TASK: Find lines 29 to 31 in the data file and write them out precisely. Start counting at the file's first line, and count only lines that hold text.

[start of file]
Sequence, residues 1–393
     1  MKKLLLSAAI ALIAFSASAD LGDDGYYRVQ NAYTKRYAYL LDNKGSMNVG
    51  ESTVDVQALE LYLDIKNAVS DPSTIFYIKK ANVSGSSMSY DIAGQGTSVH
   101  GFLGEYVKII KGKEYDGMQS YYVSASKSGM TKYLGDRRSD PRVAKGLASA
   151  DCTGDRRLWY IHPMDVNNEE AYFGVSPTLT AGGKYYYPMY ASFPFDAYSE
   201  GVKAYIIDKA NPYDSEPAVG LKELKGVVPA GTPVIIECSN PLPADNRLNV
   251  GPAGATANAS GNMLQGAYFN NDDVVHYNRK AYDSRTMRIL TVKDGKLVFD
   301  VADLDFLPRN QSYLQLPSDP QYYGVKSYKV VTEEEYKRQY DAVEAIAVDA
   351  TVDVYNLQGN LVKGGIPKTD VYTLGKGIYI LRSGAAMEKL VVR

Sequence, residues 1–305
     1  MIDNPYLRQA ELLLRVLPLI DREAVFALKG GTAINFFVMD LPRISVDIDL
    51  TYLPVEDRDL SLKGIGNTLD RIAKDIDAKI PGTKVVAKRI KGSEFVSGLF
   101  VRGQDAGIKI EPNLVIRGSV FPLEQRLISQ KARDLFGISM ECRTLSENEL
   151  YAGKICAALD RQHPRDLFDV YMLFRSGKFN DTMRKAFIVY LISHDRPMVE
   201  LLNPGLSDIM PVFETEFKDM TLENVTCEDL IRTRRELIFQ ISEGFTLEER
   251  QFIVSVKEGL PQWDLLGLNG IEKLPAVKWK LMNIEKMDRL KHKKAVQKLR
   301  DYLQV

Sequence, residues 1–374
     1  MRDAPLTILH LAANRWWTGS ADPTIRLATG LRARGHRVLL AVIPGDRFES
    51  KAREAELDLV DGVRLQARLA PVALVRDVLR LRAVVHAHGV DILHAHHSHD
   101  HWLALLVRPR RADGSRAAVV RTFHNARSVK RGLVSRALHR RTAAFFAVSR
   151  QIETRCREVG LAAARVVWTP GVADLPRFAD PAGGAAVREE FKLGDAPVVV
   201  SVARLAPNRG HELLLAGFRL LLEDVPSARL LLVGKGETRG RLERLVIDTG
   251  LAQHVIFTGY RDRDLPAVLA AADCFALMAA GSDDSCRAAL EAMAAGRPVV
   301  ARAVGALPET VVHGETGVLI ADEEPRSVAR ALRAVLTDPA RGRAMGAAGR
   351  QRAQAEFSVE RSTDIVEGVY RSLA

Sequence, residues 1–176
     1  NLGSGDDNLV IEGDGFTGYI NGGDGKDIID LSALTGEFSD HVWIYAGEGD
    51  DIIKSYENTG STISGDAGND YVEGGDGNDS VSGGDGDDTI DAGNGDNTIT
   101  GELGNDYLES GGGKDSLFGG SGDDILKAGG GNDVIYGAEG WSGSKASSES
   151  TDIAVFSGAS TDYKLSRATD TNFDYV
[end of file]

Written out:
    51  DIIKSYENTG STISGDAGND YVEGGDGNDS VSGGDGDDTI DAGNGDNTIT
   101  GELGNDYLES GGGKDSLFGG SGDDILKAGG GNDVIYGAEG WSGSKASSES
   151  TDIAVFSGAS TDYKLSRATD TNFDYV